by Gabriel Neuman, Policy Counsel and Government Relations Manager

The upcoming State legislative session, starting January 9th, welcomes many new faces this session with many long-standing legislative members having retired. The House welcomed 24 new members, which includes two past legislators returning to the chamber. The Senate is bringing one new Senator, one returning Senator, and five House members moving over to the Senate. That’s a lot of new faces! The “red wave” that was expected in the elections did not come to pass, and in Olympia, Democrats picked up a seat in both the House and Senate:

2019 – 2022

  • House: 41 Republicans and 57 Democrats
  • Senate: 21 Republicans and 28 Democrats

2023 – 2024

  • House: 40 Republicans and 58 Democrats
  • Senate: 20 Republicans and 29 Democrats

Session Basics

This is the “long session” of the biennium, running 105 consecutive days beginning on January 9, and concluding on April 23 at midnight. The Legislature is fully back in person for the first time since 2020, but there may still be some changes ahead. We expect that remote testimony and virtual meetings with Legislators will continue, but the rules are not set yet.

This will be a “budget year” where the Biennial Operating, Capital, and Transportation Budgets all need to be developed and passed. The Governor’s budget was just released identifying his priorities for his cabinet agencies, and the Legislature takes over from here.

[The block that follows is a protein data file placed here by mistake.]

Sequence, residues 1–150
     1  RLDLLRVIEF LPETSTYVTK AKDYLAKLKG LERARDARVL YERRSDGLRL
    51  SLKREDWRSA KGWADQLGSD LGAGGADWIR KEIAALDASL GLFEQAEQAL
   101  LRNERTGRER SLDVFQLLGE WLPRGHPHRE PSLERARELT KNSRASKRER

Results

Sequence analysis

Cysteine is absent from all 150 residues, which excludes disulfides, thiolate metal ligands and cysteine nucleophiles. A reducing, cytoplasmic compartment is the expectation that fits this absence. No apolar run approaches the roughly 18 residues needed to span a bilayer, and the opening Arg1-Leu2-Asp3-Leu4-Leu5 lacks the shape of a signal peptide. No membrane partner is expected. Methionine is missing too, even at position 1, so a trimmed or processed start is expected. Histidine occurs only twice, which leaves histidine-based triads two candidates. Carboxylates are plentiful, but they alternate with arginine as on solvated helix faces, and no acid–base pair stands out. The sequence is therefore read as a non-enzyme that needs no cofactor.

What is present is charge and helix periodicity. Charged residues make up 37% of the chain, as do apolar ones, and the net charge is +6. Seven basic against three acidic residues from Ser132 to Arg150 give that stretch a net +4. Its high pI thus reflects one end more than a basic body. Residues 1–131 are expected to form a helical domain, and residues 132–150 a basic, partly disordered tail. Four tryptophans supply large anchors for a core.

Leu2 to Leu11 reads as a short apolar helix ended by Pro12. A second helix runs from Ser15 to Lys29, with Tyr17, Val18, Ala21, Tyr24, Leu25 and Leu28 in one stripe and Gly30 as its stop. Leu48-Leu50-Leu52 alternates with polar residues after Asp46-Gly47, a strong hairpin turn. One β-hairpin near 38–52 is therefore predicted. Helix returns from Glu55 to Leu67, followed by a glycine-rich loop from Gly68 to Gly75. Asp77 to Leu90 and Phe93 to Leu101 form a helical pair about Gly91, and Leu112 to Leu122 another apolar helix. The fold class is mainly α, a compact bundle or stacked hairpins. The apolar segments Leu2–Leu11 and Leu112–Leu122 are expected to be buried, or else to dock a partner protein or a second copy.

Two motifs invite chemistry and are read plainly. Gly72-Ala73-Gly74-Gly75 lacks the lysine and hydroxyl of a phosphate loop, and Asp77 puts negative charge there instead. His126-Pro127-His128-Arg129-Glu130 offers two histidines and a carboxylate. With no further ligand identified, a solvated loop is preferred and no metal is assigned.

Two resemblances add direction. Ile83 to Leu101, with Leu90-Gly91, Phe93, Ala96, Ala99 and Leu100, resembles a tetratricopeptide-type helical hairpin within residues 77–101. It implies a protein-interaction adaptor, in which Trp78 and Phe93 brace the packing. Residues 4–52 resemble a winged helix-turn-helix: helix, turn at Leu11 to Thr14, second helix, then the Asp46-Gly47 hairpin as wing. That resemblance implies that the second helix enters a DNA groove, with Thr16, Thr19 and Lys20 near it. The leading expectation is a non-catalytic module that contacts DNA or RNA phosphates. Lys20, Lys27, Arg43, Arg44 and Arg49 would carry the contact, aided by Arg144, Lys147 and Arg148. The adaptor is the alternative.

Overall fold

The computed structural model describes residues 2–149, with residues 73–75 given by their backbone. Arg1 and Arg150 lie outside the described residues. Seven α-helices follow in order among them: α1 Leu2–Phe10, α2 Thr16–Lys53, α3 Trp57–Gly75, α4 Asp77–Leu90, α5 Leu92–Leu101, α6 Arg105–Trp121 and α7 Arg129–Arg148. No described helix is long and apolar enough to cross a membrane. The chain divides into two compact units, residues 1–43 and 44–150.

Governor Inslee continues his term and with Democrats are in the majority in both Houses, Speaker of the House, Laurie Jinkins, and Senate Majority Leader, Andy Billig, and Chairs of all the committees will be Democrats.

Committee Changes

In the Senate, Sen. Derek Stanford will Chair the Business, Financial Services, Gaming and Trade Committee replacing Sen. Mark Mullet.

In the House, Rep. Amy Walen, steps in as Chair of the Consumer Protection & Business Committee, taking over for Chair Kirby. Rep. Walen is a business owner and we’re excited to work with her in her new role, as well as returning Rep. Kristine Reeves as Vice Chair. Rep. Chris Corry is the ranking Republican with four freshman Republicans in a new 13 member committee.